When Steve Jobs resigned as Apple’s CEO last week, it seemed he was taking with him everything that makes Apple the innovative powerhouse that it is today. Or did he? Apple is arguably the #1 poster child for innovation. But was it all a result of Steve Jobs’ genius, or rather the culture of innovation he’s developed over time?

Head over to listen to the full podcast (about 30 mins) and see a full transcript.

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Motivated to innovate: How an organization’s culture can cultivate or crush

While motivation is essentially a self-generated state, the organizational culture of a group or individual dedicated to the pursuit of innovation greatly influences their performance. That culture both dominates and mediates, and if it is not positively addressed, competing motivations and needs can come into play. As has been mentioned previously more than once in the Think Primed Blog, innovation requires the introduction of change into inherently stable systems. Because of this, an organizational culture plays a large role in fostering and sustaining motivation.

Everybody needs beauty as well as bread, places to play in and pray in where nature may heal and cheer and give strength to the body and soul.

–       John Muir

 

 

 

 

 

 

 

 

 

 

 

 

 

 

Source: http://en.wikipedia.org/wiki/File:Maslow%27s_Hierarchy_of_Needs.svg

 

To meet those competing needs, an organization must address powerful personal motivators. One of the best models highlighting what’s at stake during this kind of effort is Maslow’s Hierarchy of Needs.

So much of organization life takes place at the bottom of this pyramid; the equivalent of “keeping the lights on and the water running.” Which is a great model for an Industrial Age company intent on making an endless succession of the same widgets in a production line. Not many of those companies thriving today, are there?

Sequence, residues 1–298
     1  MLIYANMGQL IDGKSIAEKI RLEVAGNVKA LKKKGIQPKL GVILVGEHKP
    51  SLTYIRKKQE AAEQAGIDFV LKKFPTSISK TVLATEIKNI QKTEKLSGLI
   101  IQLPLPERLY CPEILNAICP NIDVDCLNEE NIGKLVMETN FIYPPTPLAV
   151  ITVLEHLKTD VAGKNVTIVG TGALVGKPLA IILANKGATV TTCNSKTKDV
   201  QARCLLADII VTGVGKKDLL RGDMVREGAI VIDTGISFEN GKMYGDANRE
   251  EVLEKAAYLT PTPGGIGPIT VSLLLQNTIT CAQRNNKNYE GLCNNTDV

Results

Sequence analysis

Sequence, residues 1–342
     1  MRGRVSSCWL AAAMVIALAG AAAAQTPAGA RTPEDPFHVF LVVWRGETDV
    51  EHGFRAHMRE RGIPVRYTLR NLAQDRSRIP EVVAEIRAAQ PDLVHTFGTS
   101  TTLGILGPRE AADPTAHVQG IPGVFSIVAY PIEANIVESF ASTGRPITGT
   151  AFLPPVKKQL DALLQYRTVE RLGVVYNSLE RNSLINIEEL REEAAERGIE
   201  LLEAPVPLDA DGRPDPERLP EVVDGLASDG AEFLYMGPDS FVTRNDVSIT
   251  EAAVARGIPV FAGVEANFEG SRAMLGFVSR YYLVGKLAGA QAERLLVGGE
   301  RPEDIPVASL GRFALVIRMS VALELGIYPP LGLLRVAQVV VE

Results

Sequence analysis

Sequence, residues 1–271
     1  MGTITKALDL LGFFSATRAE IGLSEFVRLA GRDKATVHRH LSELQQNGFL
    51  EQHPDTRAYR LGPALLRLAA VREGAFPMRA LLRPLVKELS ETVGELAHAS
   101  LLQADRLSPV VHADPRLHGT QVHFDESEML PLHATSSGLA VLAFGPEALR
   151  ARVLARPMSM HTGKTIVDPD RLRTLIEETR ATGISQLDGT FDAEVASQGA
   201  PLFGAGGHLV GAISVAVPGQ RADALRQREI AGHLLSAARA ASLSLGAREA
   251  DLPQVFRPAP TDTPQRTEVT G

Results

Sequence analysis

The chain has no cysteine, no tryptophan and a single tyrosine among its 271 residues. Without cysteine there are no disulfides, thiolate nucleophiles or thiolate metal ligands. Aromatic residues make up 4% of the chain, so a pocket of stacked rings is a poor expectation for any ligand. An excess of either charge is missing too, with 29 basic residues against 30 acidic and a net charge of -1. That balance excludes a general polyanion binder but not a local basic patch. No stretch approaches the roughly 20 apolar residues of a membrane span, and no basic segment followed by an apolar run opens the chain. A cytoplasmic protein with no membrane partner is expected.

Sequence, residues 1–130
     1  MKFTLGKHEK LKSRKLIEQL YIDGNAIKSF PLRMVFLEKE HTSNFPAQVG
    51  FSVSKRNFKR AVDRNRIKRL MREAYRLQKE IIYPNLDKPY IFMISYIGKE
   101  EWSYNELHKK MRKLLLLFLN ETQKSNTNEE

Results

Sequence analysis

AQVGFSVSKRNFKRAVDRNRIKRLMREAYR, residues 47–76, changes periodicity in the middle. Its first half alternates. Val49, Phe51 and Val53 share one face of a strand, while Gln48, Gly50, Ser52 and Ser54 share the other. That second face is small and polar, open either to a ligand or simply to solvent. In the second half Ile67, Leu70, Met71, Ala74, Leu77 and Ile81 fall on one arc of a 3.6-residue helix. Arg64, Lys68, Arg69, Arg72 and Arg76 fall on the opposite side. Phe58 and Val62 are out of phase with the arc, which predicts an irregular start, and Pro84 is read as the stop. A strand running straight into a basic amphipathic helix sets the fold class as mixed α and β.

A step up from physiological needs are the types of organizations that pitch benefits packages addressing the safety and security concerns of their members and, to a certain extent, some esteem needs. Organizations with strong and stable cultures often reinforce the needs associated with love and belonging, yet they have all the fun and dysfunction of families. They’re mostly built for comfort rather than speed, required to respond to changing and dynamic market forces.

The most dynamic and innovative companies seek to work at the highest levels of this model, to get the best from people every day.

 

Price of admission

It’s not enough for an organization culture to provide the equivalent of shelter in a storm, especially not if that same organization wants its members to invest themselves in the success of the enterprise. Prior to the Great Unpleasantness (aka the Great Recession), companies were scrambling to create environments that attracted the best and the brightest. Though many companies today remain focused on that, the majority merely pays it lip service or don’t pursue that practice at all.

These latter companies are minding their reserves and hoarding their resources. This is practice won’t yield significant results at all.

The price of admission to those seeking to create innovation-capable cultures is the same as it has always been: collaborative cultures where people feel safe to share their ideas, where they feel like they can find a “home,” where they are recognized for their contribution, and were they feel they can be their best selves. Charlie Gilkey, author of the Productive Flourishing blog, recently noted that it took him several quarters to come up with his list for a post titled “What I Believe.” The end result is something that reflects what most of us are looking for in our lives. Work is where people spend most of their waking hours, so organization better figure out how to create the conditions for a culture that supports those beliefs he mentions.

One such example of the fulfilling organization, a company dedicated to the principals of loose/tight leadership (small set rules, tightly managed), is the online video powerhouse Hulu. Recently Fast Company magazine ran a great profile online of Hulu’s organization culture, which showed how power is distributed to the lowest organization level possible for effective decision-making and execution. Engagement is driven by the establishment of a small set of performance-based rules that are tightly enforced, while most aspects of organization life are left to the individual or group to design, organize, implement, and process. The net result is an organization that makes people want to deliver their best effort.